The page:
- If you have been dealing with a computer shop or tech help provider satisfactorily for a sustained time, inquiring whether they provide remote support can be helpful. If a vendor initiates the idea of remote access to you, however, I suggest exercising some caution.

- Major companies such as prominent computer makers, operating system providers, and well established software firms generally are trustworthy parties, but not many of them really have justification for having remote access.

- If you seek help from a major company like Microsoft, be sure that the website or phone number that you use to contact them belongs to that company. There are lots of false listings trying to bait computer users into contacting false-flag hucksters, impostors and scoundrels for remote tech help.

Commonly Used Remote Access Software

Remote computer access used to reside in apps available only to a network administrator. Over time, third party apps developed to do the same thing. Now it’s an app being built into new operating systems.

- Windows 10 users don’t have to search around for third party remote access software. Microsoft's 2016 Anniversary Update to Windows 10 included a built-in program or "app" for this purpose, called Quick Assist.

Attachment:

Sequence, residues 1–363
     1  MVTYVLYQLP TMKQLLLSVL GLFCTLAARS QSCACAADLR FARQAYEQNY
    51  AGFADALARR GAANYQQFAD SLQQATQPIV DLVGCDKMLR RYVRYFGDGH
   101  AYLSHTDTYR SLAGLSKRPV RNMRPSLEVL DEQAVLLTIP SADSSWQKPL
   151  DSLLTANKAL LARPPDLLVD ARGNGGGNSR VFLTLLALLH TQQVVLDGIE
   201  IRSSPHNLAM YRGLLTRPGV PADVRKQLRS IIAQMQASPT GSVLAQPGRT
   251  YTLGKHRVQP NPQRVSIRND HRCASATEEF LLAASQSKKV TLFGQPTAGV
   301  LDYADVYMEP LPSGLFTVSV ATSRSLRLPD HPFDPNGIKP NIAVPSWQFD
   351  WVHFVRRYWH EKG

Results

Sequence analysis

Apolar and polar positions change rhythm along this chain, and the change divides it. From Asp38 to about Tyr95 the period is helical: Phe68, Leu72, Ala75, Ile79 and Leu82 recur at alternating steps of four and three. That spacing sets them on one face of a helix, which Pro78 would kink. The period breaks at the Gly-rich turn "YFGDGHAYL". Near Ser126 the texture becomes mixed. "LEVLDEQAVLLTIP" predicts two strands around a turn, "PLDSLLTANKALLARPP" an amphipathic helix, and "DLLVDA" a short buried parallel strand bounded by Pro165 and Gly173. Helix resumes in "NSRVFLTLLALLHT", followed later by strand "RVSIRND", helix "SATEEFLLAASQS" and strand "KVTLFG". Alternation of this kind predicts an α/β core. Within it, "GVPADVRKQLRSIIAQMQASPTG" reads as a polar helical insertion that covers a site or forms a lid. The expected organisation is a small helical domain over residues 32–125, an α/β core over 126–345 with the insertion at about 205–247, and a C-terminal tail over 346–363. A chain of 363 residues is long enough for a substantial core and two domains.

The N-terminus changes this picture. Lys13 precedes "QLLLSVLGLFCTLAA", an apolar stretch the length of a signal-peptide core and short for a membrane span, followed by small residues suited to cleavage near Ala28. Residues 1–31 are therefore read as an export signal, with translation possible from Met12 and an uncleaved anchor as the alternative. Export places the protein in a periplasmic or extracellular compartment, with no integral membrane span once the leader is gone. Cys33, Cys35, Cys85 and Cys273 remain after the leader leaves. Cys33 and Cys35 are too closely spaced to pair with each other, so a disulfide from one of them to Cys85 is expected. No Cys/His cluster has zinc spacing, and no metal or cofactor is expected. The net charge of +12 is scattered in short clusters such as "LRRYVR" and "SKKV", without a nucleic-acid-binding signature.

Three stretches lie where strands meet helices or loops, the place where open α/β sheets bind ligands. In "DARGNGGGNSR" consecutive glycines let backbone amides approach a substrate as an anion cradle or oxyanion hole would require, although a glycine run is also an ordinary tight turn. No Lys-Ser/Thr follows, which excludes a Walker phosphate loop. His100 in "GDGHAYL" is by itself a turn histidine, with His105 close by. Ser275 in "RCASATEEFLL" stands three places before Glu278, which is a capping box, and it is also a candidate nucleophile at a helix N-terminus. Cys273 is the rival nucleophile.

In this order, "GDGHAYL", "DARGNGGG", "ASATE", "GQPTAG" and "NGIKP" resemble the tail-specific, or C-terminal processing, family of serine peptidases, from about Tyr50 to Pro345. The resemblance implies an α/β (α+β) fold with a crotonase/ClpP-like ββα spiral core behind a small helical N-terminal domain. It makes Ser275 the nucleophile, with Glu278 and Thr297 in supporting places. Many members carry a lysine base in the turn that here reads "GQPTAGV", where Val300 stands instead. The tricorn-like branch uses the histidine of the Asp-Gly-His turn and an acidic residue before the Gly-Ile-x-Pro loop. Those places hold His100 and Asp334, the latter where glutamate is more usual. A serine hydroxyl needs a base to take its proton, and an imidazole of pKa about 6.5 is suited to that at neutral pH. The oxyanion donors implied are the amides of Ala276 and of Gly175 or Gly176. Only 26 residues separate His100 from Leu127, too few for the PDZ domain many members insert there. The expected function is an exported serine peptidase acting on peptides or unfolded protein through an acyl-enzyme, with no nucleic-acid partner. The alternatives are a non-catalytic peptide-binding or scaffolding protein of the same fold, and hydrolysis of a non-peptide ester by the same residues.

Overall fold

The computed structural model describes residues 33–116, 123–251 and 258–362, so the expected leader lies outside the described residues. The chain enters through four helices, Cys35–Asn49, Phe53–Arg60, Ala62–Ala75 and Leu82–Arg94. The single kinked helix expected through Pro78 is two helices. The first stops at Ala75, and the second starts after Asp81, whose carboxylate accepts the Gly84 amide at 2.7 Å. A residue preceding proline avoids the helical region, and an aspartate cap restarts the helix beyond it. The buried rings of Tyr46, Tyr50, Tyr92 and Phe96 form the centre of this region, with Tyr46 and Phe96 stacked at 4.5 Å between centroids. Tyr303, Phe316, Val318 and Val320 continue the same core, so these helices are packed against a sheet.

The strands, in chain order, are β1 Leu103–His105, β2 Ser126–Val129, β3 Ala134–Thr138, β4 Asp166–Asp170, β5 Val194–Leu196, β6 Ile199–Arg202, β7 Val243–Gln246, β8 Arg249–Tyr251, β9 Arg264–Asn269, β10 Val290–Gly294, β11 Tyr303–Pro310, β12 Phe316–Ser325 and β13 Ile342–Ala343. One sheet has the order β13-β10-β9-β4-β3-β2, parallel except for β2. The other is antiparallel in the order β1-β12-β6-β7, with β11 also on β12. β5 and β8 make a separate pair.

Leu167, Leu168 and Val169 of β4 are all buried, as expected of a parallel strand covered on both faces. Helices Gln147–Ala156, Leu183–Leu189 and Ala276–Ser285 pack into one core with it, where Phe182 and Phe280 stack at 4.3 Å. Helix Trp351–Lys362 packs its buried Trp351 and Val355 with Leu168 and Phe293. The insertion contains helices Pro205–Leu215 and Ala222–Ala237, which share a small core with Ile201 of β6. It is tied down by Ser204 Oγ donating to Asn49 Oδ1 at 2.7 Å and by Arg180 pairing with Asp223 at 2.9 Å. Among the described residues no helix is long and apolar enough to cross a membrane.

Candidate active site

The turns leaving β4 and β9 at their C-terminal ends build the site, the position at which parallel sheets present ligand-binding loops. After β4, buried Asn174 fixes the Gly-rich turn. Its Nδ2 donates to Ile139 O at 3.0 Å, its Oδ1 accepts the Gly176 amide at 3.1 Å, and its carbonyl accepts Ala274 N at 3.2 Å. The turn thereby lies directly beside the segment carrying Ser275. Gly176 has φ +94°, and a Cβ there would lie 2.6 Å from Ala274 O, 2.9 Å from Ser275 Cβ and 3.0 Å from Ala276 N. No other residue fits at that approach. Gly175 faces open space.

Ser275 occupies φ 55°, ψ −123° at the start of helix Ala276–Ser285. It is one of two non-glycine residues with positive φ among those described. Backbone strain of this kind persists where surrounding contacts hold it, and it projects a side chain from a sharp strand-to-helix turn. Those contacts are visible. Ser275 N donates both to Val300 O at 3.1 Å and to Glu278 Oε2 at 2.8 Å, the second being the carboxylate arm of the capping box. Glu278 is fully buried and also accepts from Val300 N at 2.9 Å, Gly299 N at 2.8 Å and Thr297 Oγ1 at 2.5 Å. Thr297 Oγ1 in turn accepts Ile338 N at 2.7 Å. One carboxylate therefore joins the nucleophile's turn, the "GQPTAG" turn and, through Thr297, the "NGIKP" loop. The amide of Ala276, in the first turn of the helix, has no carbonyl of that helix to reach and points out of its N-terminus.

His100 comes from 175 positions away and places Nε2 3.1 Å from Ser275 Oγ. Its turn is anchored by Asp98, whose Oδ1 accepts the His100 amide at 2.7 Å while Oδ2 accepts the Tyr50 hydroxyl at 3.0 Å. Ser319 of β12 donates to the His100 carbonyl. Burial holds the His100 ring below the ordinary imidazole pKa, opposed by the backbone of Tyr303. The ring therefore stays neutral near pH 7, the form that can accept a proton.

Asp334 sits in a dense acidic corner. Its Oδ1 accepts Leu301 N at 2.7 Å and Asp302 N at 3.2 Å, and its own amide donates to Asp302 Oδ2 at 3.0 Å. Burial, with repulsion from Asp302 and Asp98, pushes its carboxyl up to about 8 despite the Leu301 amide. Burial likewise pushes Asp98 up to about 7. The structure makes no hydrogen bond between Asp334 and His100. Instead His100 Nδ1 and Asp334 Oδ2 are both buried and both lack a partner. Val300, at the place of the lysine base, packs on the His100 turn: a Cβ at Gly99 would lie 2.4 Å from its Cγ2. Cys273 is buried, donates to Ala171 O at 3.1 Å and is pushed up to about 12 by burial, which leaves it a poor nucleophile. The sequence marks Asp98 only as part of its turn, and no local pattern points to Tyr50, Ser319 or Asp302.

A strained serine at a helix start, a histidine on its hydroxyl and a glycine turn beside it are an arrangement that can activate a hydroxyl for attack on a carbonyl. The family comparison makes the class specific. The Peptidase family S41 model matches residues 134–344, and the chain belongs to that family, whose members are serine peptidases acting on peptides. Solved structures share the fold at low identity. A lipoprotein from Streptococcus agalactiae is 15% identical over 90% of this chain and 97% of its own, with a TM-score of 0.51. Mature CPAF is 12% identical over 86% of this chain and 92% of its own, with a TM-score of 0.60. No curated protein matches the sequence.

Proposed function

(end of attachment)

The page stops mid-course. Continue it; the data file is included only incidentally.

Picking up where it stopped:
- This tool is designed specifically to work with Windows 10 systems. It allows two Windows 10 computers to connect over the internet, so that a person at one of the computers can remotely control the other.

- Microsoft had an older program called Remote Desktop Connection, but that program did not allow for both users at both ends of the remote access connection to see the desktop of the PC being controlled.

- Among other remote access programs used with earlier Windows versions, AeroAdmin, AnyDesk, LogMeIn, RemotePC, and TeamViewer are among the best known.

- TeamViewer is the one I most often find installed on computers used by local area clients. In most cases, it had been installed for the purpose of getting tech help from a computer related company, a local shop or technician, or a family member.

Generally, there is no harm in leaving such programs installed after the immediate need for help is done. However, if there is any doubt about the integrity of a remote help session that has transpired, I recommend removal as a precaution.

If you do keep one of these software programs installed on your computer, I suggest checking the Startup menu to ensure that it does not open automatically with each Windows session.